The Atlantic

Bursting the Aquarium Bubble

Aquariums might seem like underwater wonderlands, but building a new one comes at a cost.
Source: Yuriko Nakao / Reuters

The United States is experiencing a new wave of aquarium enthusiasm. Over the past few years, groups in Detroit; St. Louis; Scranton, Pennsylvania; Memphis; Cape Canaveral, Florida; and New York City have proposed or started construction on large aquariums. Springfield, Missouri, and Shreveport, Louisiana, have recently opened aquariums. Boosters for these spaces are selling them as conservation initiatives that will create jobs and bring in revenue—alternatives to sports stadiums and shopping districts meant to revitalize downtrodden downtowns.

But the history of aquariums tells a different story. In the earliest public aquariums, tanks were sparsely populated with somewhat mundane species. These institutions started as traveling fishery exhibits: The 1904 St. Louis World’s Fair contained some of the first tank displays. The state of Pennsylvania fashioned a grotto with glass jewel boxes lining a dark hallway that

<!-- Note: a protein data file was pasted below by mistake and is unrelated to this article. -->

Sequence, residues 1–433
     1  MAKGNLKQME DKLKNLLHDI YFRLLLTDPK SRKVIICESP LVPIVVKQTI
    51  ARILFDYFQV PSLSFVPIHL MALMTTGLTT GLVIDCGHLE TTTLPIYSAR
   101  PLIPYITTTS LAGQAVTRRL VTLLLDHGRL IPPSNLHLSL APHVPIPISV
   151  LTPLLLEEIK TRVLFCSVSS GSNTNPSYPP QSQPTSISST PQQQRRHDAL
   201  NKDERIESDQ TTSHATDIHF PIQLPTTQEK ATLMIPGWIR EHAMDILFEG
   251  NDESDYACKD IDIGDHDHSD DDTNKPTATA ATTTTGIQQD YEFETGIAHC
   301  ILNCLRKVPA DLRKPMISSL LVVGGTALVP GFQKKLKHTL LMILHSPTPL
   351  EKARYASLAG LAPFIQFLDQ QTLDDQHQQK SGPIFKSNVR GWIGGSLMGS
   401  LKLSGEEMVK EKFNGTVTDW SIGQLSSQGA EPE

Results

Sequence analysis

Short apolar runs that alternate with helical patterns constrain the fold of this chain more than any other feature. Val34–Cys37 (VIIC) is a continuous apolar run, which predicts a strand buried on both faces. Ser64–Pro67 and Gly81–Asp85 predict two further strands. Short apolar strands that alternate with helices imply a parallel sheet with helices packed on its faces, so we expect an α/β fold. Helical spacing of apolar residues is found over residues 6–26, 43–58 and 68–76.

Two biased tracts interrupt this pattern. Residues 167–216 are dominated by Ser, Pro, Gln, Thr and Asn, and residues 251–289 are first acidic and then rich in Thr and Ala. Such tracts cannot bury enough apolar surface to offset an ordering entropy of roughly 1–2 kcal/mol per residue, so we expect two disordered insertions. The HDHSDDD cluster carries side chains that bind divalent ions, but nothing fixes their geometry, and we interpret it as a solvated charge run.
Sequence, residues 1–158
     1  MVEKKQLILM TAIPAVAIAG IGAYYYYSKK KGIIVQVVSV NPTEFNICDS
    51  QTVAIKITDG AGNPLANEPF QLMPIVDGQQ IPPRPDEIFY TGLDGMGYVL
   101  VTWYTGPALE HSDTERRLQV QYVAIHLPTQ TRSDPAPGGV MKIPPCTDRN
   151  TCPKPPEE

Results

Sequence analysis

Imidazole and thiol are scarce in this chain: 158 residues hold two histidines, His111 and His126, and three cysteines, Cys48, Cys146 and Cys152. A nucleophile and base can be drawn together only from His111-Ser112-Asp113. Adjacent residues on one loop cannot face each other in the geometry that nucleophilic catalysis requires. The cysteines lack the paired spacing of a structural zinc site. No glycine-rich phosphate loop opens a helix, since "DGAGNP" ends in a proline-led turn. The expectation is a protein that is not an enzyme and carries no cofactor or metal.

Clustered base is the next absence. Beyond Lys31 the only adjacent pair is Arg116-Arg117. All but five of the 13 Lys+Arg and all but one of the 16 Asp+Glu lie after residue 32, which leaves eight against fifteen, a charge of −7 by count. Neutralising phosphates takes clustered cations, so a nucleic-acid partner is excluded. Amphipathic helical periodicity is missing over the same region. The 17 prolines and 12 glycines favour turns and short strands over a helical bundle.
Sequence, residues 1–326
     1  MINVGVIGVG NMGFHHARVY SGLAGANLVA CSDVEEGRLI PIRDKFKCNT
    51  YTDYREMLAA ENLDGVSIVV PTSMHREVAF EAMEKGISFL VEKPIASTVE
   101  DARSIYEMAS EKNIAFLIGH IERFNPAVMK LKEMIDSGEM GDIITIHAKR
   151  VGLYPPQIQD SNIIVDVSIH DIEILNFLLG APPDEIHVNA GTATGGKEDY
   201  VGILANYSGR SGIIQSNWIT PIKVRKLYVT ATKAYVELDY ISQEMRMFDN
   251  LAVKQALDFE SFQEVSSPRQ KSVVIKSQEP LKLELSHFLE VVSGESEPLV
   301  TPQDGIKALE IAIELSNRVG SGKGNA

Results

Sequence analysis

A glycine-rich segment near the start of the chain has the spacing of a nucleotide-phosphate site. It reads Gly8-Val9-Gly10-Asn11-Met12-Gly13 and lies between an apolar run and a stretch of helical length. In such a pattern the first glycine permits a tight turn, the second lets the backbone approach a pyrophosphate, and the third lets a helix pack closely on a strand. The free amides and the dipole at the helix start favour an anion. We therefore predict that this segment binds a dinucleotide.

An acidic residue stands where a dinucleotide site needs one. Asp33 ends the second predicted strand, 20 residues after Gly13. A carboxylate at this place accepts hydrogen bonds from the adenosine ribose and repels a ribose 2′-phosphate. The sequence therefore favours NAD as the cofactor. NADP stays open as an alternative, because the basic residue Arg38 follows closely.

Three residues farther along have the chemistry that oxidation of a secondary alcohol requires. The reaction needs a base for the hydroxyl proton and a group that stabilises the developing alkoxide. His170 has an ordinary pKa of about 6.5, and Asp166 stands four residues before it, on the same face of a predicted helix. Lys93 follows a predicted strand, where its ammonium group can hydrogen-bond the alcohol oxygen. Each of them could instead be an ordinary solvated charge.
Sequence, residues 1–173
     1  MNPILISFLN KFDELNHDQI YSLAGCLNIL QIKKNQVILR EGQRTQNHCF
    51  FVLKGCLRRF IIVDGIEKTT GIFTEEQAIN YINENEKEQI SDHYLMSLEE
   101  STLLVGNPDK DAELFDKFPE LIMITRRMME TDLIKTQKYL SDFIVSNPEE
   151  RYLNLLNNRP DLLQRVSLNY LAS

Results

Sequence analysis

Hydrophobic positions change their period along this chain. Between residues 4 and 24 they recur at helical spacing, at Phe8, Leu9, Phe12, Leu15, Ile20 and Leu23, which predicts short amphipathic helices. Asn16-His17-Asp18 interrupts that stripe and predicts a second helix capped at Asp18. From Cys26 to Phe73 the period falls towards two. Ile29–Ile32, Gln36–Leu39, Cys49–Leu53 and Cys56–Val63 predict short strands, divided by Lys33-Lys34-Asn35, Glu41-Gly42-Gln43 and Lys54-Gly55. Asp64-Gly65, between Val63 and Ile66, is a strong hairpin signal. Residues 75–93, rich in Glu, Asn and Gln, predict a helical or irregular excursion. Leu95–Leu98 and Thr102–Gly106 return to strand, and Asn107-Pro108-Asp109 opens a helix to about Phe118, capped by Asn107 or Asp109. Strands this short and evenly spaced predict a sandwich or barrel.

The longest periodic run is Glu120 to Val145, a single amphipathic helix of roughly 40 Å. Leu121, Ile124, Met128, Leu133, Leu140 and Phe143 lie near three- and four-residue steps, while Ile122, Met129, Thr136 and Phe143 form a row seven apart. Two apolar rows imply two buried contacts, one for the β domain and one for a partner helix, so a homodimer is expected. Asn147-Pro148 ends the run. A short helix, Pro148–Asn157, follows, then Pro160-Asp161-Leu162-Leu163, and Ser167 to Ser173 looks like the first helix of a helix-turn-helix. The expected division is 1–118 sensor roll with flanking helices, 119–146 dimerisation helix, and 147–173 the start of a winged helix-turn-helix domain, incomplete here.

You're reading a preview, sign up to read more.

More from The Atlantic

The Atlantic5 min readPsychology
Children Cannot Parent Other Children
Reports of babies and toddlers being left in the care of slightly older children in detention facilities at the U.S.-Mexico border reveal an ongoing atrocity.
The Atlantic3 min readPolitics
What Sets Bernie Sanders' Student-Debt Plan Apart
The senator, alongside Representatives Ilhan Omar and Pramila Jayapal, announced legislation to cancel all student-loan debt and make college debt-free.
The Atlantic2 min readPsychology
The Pediatrician’s Most Awkward Task
When Carrie Quinn was training to be a pediatrician, she dutifully memorized the list of symptoms for meningitis. She learned the right antibiotics for pneumonia. But when she got into the clinic, she found herself unprepared for what really concerne